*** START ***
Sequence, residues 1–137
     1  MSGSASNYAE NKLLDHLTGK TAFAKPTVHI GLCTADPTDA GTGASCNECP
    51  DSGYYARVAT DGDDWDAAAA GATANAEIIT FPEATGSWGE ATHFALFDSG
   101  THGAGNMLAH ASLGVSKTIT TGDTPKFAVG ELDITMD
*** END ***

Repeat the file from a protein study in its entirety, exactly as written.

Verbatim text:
Sequence, residues 1–137
     1  MSGSASNYAE NKLLDHLTGK TAFAKPTVHI GLCTADPTDA GTGASCNECP
    51  DSGYYARVAT DGDDWDAAAA GATANAEIIT FPEATGSWGE ATHFALFDSG
   101  THGAGNMLAH ASLGVSKTIT TGDTPKFAVG ELDITMD